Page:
It us not forget, that individuals are socially constructed through the eyes of others, what determines their evolution in their positionor their choice of social action. This is not recognizing indigenous as Canadian, that they will strengthen theiridentification with their history, their traditions, their languages …] Although Canadian Multiculturalism has positive consequences in some areas, in other areas of social lifemulticulturalism is either challenged or it has some shortcomings. First, ideologically multiculturalism does notunanimously, on the contrary. Some intellectuals fear that promoting diversity is at the expense of equality andfreedom but also social cohesion. According to these critics by emphasizing the difference between individualsfar from uniting, it may dissolve the fragile unity of the country.
Although surveys show that this risk iscurrently almost non-existent in Canada, since the company accepts different cultures, individuals retreated tothe latter; this critique of multiculturalism persists over time. Others explain that multiculturalism as applied inCanada is a folk and classical conception of cultures. This design would result in subordinating individualliberty to the community membership. This will then promote the company’s fragmentation. Recently, a policy debate at the case law in the workplace tend some observers to question the multiculturalmodel as it was established until today. The purpose of this debate is the application of what Canadian calledreasonable accommodation. This would be able to fight against discrimination established between abusinessman and his employee, if he was discriminated against because of his ethnic origin or other. Put simply,these reasonable accommodations consist of an agreement between two individuals who may depart from thestandard of labor relations defined by the law, if one of them has been the victim of discrimination.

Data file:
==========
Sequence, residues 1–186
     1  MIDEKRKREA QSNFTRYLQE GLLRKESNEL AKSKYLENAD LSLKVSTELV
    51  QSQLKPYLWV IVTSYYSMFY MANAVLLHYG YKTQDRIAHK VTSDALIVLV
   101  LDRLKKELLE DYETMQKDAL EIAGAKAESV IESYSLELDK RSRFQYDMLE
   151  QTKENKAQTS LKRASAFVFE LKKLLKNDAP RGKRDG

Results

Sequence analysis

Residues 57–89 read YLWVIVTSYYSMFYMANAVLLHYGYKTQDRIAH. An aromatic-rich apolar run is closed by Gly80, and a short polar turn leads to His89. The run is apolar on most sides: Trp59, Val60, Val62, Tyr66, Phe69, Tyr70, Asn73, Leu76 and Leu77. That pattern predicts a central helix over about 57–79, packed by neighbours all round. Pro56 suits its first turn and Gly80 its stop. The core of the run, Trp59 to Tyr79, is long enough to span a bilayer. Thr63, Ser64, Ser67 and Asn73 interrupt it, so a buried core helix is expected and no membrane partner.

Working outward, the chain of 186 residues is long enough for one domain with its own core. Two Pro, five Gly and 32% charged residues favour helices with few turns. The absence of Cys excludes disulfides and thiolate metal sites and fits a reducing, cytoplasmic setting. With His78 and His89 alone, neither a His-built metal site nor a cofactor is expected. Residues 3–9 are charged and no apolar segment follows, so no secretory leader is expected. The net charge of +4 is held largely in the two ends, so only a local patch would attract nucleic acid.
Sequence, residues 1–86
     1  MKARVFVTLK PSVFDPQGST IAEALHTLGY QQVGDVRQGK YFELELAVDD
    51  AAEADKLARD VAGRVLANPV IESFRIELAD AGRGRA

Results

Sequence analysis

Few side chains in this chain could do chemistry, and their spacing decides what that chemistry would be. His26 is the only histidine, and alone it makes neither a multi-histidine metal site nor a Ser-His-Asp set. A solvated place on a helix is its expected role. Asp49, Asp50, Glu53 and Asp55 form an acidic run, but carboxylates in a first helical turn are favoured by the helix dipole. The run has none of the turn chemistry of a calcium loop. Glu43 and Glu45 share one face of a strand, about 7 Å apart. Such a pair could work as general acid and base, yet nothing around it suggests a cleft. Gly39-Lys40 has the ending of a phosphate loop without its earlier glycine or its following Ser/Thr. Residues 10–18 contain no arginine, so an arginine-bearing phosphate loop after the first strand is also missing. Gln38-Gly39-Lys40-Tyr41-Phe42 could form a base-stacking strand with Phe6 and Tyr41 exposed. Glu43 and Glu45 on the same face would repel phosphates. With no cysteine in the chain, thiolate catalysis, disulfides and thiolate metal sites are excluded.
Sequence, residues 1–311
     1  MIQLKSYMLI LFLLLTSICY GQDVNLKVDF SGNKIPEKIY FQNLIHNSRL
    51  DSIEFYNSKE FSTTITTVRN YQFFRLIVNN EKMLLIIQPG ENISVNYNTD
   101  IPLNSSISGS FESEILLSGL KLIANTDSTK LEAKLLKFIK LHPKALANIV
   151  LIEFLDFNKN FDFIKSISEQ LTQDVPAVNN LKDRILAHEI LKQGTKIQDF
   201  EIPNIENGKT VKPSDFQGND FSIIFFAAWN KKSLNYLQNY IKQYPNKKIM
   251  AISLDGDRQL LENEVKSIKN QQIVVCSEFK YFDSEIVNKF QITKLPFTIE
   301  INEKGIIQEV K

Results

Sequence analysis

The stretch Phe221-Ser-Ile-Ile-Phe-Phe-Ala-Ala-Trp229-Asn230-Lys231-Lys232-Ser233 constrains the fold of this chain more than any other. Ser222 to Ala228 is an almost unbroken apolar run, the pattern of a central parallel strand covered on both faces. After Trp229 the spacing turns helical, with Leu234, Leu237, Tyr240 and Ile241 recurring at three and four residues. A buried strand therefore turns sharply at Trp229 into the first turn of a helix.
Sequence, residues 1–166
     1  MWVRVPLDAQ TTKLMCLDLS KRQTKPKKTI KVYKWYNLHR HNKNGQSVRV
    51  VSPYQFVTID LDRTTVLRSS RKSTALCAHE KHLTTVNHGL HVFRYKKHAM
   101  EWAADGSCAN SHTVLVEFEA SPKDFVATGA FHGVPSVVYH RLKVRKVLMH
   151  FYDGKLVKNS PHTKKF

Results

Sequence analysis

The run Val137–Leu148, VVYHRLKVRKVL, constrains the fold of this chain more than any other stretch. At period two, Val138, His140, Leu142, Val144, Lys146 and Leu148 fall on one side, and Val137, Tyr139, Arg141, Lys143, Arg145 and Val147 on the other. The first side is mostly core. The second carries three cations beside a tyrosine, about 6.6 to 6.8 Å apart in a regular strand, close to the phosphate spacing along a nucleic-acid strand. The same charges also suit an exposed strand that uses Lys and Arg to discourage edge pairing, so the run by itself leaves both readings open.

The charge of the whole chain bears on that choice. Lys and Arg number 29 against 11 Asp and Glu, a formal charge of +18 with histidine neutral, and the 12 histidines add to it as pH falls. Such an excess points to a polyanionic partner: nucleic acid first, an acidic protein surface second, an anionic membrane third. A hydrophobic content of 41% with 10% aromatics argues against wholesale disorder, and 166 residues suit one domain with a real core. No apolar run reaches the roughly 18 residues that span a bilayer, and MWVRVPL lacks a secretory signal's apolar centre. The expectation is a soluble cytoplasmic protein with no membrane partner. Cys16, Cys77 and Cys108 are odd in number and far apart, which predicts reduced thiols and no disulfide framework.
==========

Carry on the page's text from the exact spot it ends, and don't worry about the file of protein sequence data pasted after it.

In these circumstances multiculturalism somehow loses its legislative power because depend on the judgment ofindividual system; this could have negative consequences especially in terms of equality or even the applicationof the ideals that are the foundations of this current of thought. This is why, since 2007, the debate onreasonable accommodation is quite controversial, especially in Quebec. Moreover, Quebec and the francophone community who lives do not always see a positive view ofmulticultural policy applied by the federal government, and that since 1971. Indeed, the Francophonecommunity is concerned that the term power federal considers francophone as any other ethnic group in the aswill integrate into Canadian-inspired Anglo-Saxon culture. The French like to be considered the equivalent ofthe Anglo-Saxon if not superior in the management of internal policy. This animosity can be illustrated by thevarious referendums conducted by the Quebec so that it takes its independence.
Although so far the protestshave not accomplished, identity claims remain common. The second difficulty that appears to meet Canada’s multicultural policy regarding the consideration by thefederal state of Aboriginal communities. These are regularly alerted about their political role. The crisis OKA inthe 90s or years before the publication of the White Paper in 1969 which aimed to reduce the power of theindigenous communities in the state, are part of other historical and frequent events concerning the defensenative. Although considered as a separate immigrant community, Aboriginal seem also considered foreignersand are sometimes the object plane to enable their integration, “The increasing tendency towards seeing people in terms of one dominant ‘identity’ (‘this is your duty as an American’, ‘you must commit these acts as aMuslim’, or ‘as a Chinese you should give priority to this national engagement’) is not only an imposition of anexternal and arbitrary priority, but also the denial of an important liberty of a person who can decide on theirrespective loyalties to different groups (to all of which he or she belongs).” (Amartya).
To conclude, concerning the application of multiculturalist ideals and institutional responses to the demandsof different social groups, states are trying to find a balance between their interests and social demand to ensurethe unity of the countries and their respective social cohesion. The Canadian federal government is currently the most successful on the application of a multicultural policy. Indeed, he was able to organize to manageimmigration while taking institutional measures that newcomers do not feel excluded by facilitating theiremployability, setting up structures in which they can request information practices … this way the differentidentities are recognized and accepted. The coexistence between different communities is ensured. Moreover,the authorities encourage participation in social life of permanent residents that is to say, people who are notfrom Canada.